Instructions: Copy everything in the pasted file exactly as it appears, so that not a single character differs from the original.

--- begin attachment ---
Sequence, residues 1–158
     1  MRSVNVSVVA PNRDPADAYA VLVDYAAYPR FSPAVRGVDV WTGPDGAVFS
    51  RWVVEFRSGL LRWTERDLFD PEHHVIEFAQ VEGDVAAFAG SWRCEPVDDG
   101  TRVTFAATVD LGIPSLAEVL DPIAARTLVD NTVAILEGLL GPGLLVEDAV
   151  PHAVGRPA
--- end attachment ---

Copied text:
Sequence, residues 1–158
     1  MRSVNVSVVA PNRDPADAYA VLVDYAAYPR FSPAVRGVDV WTGPDGAVFS
    51  RWVVEFRSGL LRWTERDLFD PEHHVIEFAQ VEGDVAAFAG SWRCEPVDDG
   101  TRVTFAATVD LGIPSLAEVL DPIAARTLVD NTVAILEGLL GPGLLVEDAV
   151  PHAVGRPA